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Lady in a Cage

Lady in a Cage(1964)

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Children are playing. Fireworks. A couple make out in a car as the radio crackles news updates. Fourth of July celebrations are underway. Traffic begins to pile up. Heat. A young girl idly rolls her skate across a sleeping, or possibly dead, homeless person. Cars honk. Construction. Heat. A dead dog.

Welcome to the incredibly downbeat, doomsday vision of LADY IN A CAGE. Trust doesn't get any more uplifting from there! Olivia de Havilland stars as a disabled, wealthy poetess who becomes trapped inside her private elevator on a hot, summer Fourth of July weekend due to a power outage. Her pleas for help go unanswered, until a drunken bum (Jeff Corey) is attracted by the ringing of the emergency alarm from de Havilland's elevator switch. Finding a house full of riches galore (and a wine storage closet to boot), he enlists the help of an over-the-hill and overweight hustler (Ann Sothern) to help him carry off the goods. Unbeknownst to them, their plan is hardly a secret and they are followed back to the house by a trio of the most loathsome, sadistic and savage hoodlums (led by a young and surly James Caan) ever seen in film- The story then spirals into a harrowing, intense and truly sick chain of events.

The film is a shocking and disturbing piece of work - from the first animal attack appearance of the masked trio in the house, up to the surprisingly gory ending.

Olivia de Havilland turns in a sympathetic role in a part that could have easily been played very broad and campy (although her voice-over poetry recitations and readings come pretty close)- but she adds humanity and pathos to it so that you truly do worry about this character's safety. Also of note is the fact that it is an intensely physical performance; she crawls around the elevator floor, builds herself makeshift weapons and tools and is eventually kicked around and manhandled by the thuggish Caan. The barrage of awful things that happen to this character is quite surprising for a picture made at this time.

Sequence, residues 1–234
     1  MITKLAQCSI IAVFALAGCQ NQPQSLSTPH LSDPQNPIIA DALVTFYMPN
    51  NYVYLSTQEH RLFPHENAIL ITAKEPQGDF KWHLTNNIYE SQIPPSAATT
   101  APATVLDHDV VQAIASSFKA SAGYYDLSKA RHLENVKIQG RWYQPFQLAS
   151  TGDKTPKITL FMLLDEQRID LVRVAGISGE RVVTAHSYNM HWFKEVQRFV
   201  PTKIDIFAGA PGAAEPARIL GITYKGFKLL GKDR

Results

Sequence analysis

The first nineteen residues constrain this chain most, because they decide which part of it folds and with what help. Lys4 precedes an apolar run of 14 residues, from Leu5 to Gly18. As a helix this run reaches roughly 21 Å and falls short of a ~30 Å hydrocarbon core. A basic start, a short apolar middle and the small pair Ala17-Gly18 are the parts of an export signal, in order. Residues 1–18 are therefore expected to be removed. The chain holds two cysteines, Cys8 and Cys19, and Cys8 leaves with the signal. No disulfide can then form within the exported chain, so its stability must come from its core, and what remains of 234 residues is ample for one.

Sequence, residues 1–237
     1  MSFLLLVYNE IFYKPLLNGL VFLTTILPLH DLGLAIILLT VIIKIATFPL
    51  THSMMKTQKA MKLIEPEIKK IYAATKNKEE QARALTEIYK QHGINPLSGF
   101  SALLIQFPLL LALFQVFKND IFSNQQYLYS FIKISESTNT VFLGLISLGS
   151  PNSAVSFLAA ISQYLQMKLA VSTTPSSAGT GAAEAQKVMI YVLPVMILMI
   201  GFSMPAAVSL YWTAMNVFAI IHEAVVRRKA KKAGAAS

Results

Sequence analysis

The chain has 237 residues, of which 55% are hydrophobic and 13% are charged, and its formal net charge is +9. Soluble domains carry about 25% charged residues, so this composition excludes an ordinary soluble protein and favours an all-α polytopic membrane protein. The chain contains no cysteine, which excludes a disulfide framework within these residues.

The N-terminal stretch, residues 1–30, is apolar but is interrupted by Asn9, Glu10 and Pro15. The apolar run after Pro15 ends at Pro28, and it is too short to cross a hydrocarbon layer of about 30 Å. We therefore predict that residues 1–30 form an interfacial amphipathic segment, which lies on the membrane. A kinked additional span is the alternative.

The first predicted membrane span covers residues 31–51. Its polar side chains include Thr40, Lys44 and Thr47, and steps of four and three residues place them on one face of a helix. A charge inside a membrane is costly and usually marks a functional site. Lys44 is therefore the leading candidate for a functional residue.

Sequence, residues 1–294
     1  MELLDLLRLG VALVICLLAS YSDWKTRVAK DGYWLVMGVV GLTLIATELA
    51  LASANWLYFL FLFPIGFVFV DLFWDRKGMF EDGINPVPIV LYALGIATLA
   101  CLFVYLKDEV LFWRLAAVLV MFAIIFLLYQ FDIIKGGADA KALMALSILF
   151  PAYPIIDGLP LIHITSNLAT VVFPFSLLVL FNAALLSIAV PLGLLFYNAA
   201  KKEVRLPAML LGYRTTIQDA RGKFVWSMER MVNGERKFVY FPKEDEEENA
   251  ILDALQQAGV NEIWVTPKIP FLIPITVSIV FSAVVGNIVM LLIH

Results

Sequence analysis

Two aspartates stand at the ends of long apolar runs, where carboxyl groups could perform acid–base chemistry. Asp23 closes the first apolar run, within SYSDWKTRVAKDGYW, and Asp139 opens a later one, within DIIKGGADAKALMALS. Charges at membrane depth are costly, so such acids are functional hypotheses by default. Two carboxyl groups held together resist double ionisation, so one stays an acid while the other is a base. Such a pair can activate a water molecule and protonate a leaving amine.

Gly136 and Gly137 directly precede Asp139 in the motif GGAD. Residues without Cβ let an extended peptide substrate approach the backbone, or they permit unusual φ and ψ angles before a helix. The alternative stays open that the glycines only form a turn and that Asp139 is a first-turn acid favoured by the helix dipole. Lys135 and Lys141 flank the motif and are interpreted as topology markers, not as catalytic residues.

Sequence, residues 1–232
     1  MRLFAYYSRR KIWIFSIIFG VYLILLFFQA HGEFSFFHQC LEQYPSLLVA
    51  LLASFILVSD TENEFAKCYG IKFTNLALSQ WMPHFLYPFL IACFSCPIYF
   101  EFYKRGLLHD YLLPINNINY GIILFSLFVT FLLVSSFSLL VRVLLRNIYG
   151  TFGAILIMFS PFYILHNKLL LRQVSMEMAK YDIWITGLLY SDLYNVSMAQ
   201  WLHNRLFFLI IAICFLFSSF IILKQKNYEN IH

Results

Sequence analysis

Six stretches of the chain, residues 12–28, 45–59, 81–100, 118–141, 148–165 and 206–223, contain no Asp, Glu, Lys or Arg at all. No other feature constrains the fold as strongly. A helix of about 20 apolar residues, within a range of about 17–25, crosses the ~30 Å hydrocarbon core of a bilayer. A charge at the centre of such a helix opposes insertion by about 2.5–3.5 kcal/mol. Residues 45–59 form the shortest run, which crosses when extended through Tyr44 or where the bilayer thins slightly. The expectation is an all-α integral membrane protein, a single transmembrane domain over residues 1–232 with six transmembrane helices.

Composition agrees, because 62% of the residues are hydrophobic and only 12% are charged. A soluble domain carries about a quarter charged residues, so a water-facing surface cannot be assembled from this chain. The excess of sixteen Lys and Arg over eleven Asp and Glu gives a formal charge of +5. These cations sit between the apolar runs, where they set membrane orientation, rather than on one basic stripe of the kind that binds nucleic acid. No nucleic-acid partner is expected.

The film also showcases a brilliant use of photography - every scene is shot in an unique way - often contributing to the overall claustrophobia and oppressiveness of everything going on- from the low angle shots of the cars stuck in traffic, the bird's eye angle of the drop down from the elevator, the framing of the telephone ringing in the foreground as de Havilland (trapped and looming up above) watches desperately. Everything is framed like a photograph - scenes and shots are framed through car windows, wine racks, bars----all adding to an incongruous and bleak vision of a world gone wild.

The movie stills holds up today, as, sadly, our modern world has gone above and beyond this tale with our own current stories of murder and madness...but if anything, LADY IN A CAGE certainly shows that evil, depravity and inhumanity has always been around and isn¿t simply a problem of today¿s modern society, it¿s simply one that is always evolving and becoming increasingly creative.

While a difficult and violent film and one that was clearly ahead of it's time (and certainly influenced films along the lines of Last House on the Left, Panic Room, Death Game and many others)- it's a hard film to actually recommend to someone without a warning. It's certainly not a "fun" watch. However, for fans of hard-boiled, psychological and disturbing films, this is one of the best. And one that is absolutely unforgettable.

Paramount Home Video's "barebones" treatment of the film is disappointing- no extras whatsoever. At the very least, the disc sports a very nice, crisp and clean widescreen treatment. The sound is quite good, as well, particularly showcased in the dramatic opening sequence through the use of the erratic, jazz-ish bleats and rumbles of the film's soundtrack.

For more information about Lady in a Cage, visit Paramount Home Entertainment. To order Lady in a Cage, go to TCM Shopping.

by Eric Weber